Every few days, Tasiu Abdurrahman takes the money he makes from selling spices in Nigeria’s biggest northern city and buries it in his yard.
The 55-year-old closed his bank account eight years ago after growing disillusioned with standing in long lines for hours to deposit or withdraw cash. Abdurrahman is one of about 50 million of the unbanked in Nigeria, which despite having Africa’s largest mobile-phone market, is only just opening up to the technology to bring banking to its estimated 200 million people.
“My business partners need cash,” said Abdurrahman as he juggled two mobile phones at his ginger and tamarind stand, one of many dotting the streets in Kano. “If they all opened bank accounts, I would be happy to.”
Financial inclusion in Nigeria—which vies with South Africa as the continent’s biggest economy—has gone backward as the regulator blocked network operators from applying for mobile-money licenses that would allow cash transfers without the need for a bank account. Between 2014 and 2017, the percentage of banked adults dropped nearly 4 percentage points to 39 percent, while the sub-Saharan African average increased more than 8 percentage points to 43 percent.
The Central Bank of Nigeria this month announced it is not on track to reach its target of increasing financial inclusion to 80 percent by 2020. It is now reviewing the path it took in 2012 with a “refreshed strategy” and has also signed a cooperation agreement with the Nigerian Communications Commission to improve the penetration of financial services using mobile phones.
Less than 6 percent of Nigerians use their handsets to transact using mobile money, compared with 73 percent of Kenyans, where more than two-thirds of adults have a bank account, according to the World Bank. That’s even though there are more than two phones for every bank account in the West African nation.
“We’re taking baby steps when we should be running,” Yomi Ibosiola, an associate director at Deloitte Nigeria’s data analytics practice, said in an interview in Lagos, the commercial hub.
Cellular phone operators would invest more if they were allowed to lead the way, said Emeka Oparah, a spokesman for Bharti Airtel Ltd.’s Nigerian unit, which has 40 million subscribers.
“Right now, we’re only providing a platform for some people to use, if it becomes our business, we will invest in it,” Oparah said. The government should adjust its policies “if it wants to move very quickly.”
Fidelity Bank Plc. allows people to open an account using a mobile phone, said Chief Operations and Information Officer Gbolahan Joshua. It is also using agents to offer banking services, such as small payments and deposits, through informal branches, he said, adding the lender has 3.9 million customers.
“When you open an account on your mobile, you can receive money but you cannot make payments,” Joshua said. “You need a Bank Verification Number to make transactions on that account you opened on mobile. Since the targets for financial inclusion are people that don’t have BVN already, some infrastructure needs to be deployed, like mobile BVN.”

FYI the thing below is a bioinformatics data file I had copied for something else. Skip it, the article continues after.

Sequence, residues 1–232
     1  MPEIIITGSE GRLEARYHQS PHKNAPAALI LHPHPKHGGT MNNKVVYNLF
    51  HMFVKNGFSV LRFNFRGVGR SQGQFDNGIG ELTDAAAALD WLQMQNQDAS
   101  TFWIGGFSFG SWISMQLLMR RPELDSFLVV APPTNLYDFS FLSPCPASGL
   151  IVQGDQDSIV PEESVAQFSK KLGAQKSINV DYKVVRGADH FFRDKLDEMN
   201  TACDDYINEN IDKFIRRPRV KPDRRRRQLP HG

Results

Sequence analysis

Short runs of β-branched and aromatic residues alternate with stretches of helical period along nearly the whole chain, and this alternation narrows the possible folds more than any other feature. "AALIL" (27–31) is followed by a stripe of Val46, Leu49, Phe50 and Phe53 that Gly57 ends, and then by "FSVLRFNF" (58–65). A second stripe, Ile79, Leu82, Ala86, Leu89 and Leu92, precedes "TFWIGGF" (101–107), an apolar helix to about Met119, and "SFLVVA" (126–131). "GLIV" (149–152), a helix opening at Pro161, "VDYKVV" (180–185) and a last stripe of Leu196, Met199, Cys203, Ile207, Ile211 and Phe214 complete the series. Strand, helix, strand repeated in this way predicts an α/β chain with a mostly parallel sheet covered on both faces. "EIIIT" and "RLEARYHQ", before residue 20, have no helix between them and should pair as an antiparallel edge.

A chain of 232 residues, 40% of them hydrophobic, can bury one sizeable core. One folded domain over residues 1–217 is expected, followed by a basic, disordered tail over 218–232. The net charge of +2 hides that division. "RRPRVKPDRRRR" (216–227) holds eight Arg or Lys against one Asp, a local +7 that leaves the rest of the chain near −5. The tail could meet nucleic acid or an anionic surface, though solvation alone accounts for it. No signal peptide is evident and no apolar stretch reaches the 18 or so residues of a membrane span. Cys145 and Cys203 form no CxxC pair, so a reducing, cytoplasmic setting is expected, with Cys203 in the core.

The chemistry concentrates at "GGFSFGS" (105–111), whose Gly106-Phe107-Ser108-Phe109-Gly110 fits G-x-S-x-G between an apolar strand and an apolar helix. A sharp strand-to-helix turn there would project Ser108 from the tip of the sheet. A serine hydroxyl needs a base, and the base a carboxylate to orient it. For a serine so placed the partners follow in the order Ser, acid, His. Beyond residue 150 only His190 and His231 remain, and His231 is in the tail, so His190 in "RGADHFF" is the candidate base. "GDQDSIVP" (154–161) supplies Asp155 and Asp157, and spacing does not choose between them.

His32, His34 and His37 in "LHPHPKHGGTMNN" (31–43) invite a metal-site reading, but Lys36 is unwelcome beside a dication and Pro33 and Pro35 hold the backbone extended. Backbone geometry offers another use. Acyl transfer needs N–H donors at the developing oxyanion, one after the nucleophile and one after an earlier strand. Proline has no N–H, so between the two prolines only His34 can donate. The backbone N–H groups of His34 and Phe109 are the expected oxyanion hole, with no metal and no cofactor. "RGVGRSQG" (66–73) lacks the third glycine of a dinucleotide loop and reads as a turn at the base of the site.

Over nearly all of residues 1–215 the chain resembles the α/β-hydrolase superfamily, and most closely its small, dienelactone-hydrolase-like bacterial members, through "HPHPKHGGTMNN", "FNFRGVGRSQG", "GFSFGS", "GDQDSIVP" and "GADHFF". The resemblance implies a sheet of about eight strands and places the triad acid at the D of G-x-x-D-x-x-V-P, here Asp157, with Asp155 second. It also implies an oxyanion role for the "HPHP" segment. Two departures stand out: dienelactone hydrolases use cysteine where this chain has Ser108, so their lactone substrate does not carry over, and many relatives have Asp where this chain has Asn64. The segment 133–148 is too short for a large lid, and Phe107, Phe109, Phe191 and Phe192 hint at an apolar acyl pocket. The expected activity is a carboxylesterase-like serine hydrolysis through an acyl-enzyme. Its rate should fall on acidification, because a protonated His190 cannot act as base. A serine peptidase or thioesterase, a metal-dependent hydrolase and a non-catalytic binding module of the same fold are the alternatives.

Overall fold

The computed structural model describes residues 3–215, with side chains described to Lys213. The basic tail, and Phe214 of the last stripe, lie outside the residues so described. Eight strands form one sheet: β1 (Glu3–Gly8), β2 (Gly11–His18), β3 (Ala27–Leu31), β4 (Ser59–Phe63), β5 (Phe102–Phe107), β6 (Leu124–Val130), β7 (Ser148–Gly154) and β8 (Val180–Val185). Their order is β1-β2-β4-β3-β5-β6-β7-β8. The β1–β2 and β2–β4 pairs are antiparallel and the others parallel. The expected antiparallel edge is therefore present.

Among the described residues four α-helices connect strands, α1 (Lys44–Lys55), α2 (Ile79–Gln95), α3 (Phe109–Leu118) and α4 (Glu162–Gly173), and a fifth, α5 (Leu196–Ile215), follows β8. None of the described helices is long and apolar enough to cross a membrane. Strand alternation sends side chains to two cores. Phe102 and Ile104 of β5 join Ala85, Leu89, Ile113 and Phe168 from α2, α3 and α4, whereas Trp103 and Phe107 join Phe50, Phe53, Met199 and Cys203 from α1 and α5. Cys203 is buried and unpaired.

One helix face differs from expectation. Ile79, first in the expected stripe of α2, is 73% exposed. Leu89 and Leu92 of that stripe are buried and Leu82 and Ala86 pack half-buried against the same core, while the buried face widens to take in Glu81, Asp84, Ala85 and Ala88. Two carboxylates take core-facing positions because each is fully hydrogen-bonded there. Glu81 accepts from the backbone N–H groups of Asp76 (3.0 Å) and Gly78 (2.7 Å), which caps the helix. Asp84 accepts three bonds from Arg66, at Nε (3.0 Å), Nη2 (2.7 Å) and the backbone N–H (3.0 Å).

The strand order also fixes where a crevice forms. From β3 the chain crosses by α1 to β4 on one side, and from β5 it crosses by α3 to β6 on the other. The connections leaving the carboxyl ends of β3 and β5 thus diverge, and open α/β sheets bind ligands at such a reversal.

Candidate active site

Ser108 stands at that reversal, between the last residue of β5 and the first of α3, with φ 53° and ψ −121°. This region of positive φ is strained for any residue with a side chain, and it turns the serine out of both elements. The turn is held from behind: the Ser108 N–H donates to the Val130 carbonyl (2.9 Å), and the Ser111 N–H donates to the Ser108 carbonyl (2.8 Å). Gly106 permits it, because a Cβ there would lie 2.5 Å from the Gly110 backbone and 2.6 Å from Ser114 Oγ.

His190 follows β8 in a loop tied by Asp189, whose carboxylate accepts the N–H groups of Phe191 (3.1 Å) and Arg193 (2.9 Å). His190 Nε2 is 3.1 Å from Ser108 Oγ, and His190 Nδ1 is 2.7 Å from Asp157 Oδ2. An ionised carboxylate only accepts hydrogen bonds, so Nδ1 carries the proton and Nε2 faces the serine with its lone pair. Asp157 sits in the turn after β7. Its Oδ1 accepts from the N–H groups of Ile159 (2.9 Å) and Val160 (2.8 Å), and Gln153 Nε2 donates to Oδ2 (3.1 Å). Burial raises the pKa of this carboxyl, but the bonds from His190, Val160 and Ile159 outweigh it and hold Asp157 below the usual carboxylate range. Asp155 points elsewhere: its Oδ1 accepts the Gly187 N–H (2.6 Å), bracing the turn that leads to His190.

There are efforts being made to remove those obstacles. One includes issuing identity numbers to 70 million people by the end of next year and pulling together the government’s various identity verification systems into a centralized database, which will make it easier for people to plug into financial services.
The central bank has said it’s taking inspiration from India, where a government-biometric database known as Aadhaar helped grow financial inclusion from 53 percent to 80 between 2014 and 2017, by cutting the cost for banks of identifying a customer.
Regulators in Nigeria also announced an initiative in March that will help to increase banking agents to 500,000 within two years, from 100,000, according to estimates by Enhancing Financial Innovation & Access, or EFInA, a research organization.
“One of the major issues for banks has been the cost of going to those unprofitable areas,” said Henry Chukwu, who focuses on broadening agent networks at EFInA.
Most of the biggest lenders are focused on business banking. Zenith Bank Plc, the country’s largest lender with the equivalent of $15.4 billion in assets, makes about 6 percent of its revenue from retail banking and about 58 percent from corporates.
There are not enough incentives for people to open bank accounts, especially among the poor, said Ameya Upadhyay, a principal in the investment team of Omidyar Network Fund Inc., which has invested in Pagatech, one of Nigeria’s first mobile-money providers, and another company that gives loans to small- and medium-sized businesses. About 87 million Nigerians live on less than $1.90 a day, according to Vienna-based World Data Lab’s World Poverty Clock.
“You have to create a ‘pull’ to these accounts and that happens when those accounts are meaningful to people’s every day lives,” he said, such as increasing the number of merchants with pay points or offering more insurance, savings or lending products. “People don’t eat accounts.”
Abdurrahman, the Kano spice merchant, agrees and remains unconvinced about using his phone to transact.
“I may decide to go for mobile money if more of my suppliers have it,” he said. “But for now I am very comfortable keeping cash at the shop to pay for supplies and keeping the rest at home.”